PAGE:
The Obama administration’s release last week of four Bush-era memos on the abusive interrogations of detainees in U.S. custody has raised a host of questions. The memos, written by Justice Department attorneys, purport to authorize CIA interrogators to use a range of coercive techniques against detained terrorism suspects, even techniques that constitute torture under U.S. and international law.
The first and perhaps most compelling question is whether U.S. officials should be prosecuted for carrying out acts of torture, authorizing the use of torture, or ordering that torture be used. The administration was quick to suggest that it would not initiate such prosecutions, a move criticized by human rights groups and others.
The Center for Constitutional Rights, which represents a number of detainees at Guantanamo, emphasized the deterrent effect of prosecutions. By prosecuting these abusive techniques as crimes, the government would ensure that they would not be used in the future. Conversely, “[f]or there to be no consequences not only calls our system of justice into question, it leaves the gate open for this to happen again.”
Another important question raised by the memos is what happened to the information that was obtained using torture. Was it used only preventively—to provide leads about possible future plots? Or was this tainted—and likely quite unreliable—information used in legal proceedings that affected people’s rights?
Court and Other Legal Proceedings
The rules on admissibility of evidence vary dramatically from forum to forum. While the U.S. federal courts bar evidence obtained under torture or other coercion, not all legal proceedings have such strict protections.
Of greatest concern are proceedings in which the evidence is kept secret. Secret evidence is often synonymous with tainted evidence, since without the safeguards imposed by the adversarial system, it is easier for the government to throw in whatever evidentiary garbage it wants.
It is no secret that the administrative decisions regarding the continued confinement of individual detainees at Guantanamo were, in many cases, based on unreliable evidence obtained via torture. For example, statements coerced from Mohammed al-Qahtani, a detainee whose prolonged physical and psychological abuse is documented in a government interrogation log, were used in the administrative proceedings of at least 30 other prisoners.
We also know that the U.S. government provided information obtained from Abu Zubayda, the detainee whose planned abuse by the CIA was described in one of the recently-released memos, to the Canadian government for use in at least two deportation cases. (To their credit, the Canadian courts barred the information from being admitted as evidence.)
In addition, this abusively-obtained information was almost certainly used in the blacklisting of individuals and groups allegedly linked to terrorism.
Domestically, the U.S. government maintains several State Department and Treasury Department lists that are meant to block funding to terrorism and bar suspected terrorists from traveling. Internationally, there is a UN list—known as the “1267 sanctions list”—with a similar purpose. That list includes a large number of individuals and groups who were placed on the list by the United States.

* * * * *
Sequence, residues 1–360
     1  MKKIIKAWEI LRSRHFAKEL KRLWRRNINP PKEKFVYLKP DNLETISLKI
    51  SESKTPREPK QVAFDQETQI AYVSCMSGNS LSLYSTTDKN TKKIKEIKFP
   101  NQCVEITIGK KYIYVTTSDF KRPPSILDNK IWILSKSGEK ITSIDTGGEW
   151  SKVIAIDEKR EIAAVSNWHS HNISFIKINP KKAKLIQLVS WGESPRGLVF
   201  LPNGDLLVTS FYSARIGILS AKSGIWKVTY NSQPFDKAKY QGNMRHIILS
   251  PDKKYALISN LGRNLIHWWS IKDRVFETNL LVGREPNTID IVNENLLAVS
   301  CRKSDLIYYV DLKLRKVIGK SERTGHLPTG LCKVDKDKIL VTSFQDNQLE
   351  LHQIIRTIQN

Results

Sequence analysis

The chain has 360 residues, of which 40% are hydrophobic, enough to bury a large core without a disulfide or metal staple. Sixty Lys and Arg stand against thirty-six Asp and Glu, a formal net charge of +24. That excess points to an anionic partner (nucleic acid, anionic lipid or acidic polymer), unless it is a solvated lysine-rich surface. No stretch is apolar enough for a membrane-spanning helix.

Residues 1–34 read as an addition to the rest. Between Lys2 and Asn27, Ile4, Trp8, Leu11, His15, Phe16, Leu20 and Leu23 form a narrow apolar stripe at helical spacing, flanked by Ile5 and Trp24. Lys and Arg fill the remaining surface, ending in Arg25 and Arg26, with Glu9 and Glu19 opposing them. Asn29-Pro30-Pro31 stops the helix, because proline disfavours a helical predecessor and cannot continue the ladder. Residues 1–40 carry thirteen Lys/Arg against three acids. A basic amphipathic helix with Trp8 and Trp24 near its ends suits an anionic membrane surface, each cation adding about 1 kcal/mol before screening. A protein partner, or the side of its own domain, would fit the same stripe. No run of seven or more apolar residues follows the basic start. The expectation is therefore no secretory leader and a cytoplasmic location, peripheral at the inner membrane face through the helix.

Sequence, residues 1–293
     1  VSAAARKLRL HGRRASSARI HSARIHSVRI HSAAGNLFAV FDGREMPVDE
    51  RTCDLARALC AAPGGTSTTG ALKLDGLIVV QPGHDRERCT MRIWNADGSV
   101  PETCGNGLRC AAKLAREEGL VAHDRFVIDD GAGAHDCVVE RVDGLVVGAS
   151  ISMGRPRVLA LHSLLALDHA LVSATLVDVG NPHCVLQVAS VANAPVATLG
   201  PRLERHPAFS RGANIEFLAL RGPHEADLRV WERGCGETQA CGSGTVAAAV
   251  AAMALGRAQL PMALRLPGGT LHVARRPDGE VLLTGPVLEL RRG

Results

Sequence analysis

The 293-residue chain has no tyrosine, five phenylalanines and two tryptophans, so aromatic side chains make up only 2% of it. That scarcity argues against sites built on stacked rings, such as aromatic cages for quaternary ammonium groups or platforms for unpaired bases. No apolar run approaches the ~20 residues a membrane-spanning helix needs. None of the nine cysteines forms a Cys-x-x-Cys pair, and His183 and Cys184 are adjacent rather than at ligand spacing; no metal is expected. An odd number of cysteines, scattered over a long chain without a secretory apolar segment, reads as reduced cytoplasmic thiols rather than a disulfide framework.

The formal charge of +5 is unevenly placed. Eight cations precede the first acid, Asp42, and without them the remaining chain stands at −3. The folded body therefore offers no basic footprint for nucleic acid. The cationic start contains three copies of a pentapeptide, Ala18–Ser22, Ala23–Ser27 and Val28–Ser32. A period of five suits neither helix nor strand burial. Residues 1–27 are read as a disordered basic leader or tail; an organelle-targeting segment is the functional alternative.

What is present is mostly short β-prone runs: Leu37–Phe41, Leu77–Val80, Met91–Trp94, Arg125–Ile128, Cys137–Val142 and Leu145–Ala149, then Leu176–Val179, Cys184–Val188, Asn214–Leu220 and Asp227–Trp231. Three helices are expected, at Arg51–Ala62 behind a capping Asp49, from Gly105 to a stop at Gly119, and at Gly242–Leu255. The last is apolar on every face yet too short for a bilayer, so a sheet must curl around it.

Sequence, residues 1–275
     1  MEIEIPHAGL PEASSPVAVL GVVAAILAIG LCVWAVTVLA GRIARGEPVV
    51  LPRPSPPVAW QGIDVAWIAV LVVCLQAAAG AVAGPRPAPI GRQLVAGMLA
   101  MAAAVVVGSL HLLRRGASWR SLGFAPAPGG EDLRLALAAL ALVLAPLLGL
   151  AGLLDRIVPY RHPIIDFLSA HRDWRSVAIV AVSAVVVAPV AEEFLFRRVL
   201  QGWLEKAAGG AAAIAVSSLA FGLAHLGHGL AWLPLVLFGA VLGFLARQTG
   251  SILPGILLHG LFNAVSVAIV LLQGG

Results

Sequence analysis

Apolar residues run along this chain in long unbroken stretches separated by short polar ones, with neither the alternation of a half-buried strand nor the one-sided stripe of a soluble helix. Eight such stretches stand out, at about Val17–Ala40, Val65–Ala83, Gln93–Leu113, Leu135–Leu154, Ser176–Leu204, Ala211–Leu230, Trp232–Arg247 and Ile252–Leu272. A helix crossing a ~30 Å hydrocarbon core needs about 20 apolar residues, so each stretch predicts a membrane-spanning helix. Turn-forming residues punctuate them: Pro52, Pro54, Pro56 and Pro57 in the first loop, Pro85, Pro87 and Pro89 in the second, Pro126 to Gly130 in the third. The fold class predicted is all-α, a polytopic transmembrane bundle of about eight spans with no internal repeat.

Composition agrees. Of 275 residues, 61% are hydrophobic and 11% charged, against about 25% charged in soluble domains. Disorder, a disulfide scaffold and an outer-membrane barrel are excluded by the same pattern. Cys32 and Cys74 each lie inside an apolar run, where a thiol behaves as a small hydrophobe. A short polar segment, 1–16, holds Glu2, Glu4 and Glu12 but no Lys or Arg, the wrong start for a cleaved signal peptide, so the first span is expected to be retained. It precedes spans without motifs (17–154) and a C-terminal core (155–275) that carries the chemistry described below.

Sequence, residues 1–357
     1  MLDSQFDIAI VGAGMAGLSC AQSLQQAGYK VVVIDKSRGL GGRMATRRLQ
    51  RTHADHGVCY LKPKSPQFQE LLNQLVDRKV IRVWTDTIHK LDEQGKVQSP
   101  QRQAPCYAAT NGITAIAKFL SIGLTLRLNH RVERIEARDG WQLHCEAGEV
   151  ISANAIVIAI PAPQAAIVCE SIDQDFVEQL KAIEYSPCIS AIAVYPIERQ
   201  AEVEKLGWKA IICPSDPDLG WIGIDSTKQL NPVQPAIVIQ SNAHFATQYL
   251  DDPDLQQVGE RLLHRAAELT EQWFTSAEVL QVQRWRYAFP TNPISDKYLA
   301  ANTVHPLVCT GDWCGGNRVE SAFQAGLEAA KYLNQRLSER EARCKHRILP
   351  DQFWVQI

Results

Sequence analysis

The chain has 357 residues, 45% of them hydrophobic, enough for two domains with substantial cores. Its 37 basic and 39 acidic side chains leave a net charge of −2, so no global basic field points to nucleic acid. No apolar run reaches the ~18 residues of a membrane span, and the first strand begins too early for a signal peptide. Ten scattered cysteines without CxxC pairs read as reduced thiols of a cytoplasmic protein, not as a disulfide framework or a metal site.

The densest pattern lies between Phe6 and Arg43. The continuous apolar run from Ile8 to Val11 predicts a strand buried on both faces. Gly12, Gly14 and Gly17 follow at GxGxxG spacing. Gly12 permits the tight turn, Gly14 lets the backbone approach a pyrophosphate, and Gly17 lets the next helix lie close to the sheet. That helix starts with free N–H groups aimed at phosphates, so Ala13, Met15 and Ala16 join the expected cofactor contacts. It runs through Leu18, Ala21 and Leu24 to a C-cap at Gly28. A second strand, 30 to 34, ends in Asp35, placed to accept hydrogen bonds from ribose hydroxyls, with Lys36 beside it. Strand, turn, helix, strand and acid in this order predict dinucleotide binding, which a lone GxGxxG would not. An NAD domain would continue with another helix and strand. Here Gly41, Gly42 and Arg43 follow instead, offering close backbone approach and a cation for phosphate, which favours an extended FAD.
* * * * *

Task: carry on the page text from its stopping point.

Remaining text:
Notably, all of these lists are created using lower standards of proof than those that are customary in criminal prosecutions, as well as much lower due process protections. Targeted persons and organizations have little or no prior notice of their listing and little meaningful opportunity to challenge the designation.
Because listing decisions are made on the basis of secret evidence, it is near-impossible for targets to disprove claims of links to terrorism. And targets have no way of finding out the source of the evidence—including whether it was obtained from detainees in CIA custody.
It seems quite unlikely, of course, that the U.S. government would provide such information to the Canadian government for use in their legal proceedings, while refraining from using it as a basis for U.S. terrorism blacklist decisions.
A notable hint about the sources of evidence for such decisions is contained in an October 2003 press release from the Treasury Department that purports to explain the listing of the Al Akhtar Trust. The press release says: “During a custodial interview in mid-April 2003, a senior Al Qaida detainee stated that Al-Rashid Trust and AL AKHTAR TRUST provided donations to Al Qaida ….”
While it is impossible to know with certainty the circumstances of this particular “custodial interview,” we know quite a lot about the kinds of interrogations that were going on at the time. Khalid Sheikh Mohammed and several other CIA detainees were arrested in March and April 2003, and at least Mohammed was subjected to waterboarding.
Not only did the US put the Al Akhtar Trust on the Treasury Department blacklist, it later placed the group on the UN’s 1267 list.
Tainted and Unreliable
We should not forget the most infamous use of information obtained abusively by the CIA, as it speaks volumes about such information’s unreliability. Ibn al-Sheikh al-Libi, a detainee who was rendered by the CIA to Egypt, claimed under torture that he knew of links between Saddam Hussein and al-Qaeda. Then-Secretary of State Colin Powell even used this information in his speech to the United Nations justifying the invasion of Iraq.
As we all know, the claim turned out to be false. Al-Libi himself later repudiated it, explaining that his interrogators forced the statements out of him.
Information obtained via torture is deeply tainted, and should not be used in legal or administrative proceedings of any kind. Not only should the U.S. government bar reliance on such evidence in the future, it should take steps to remedy past uses of it.
JOANNE MARINER is a human rights lawyer living in Paris.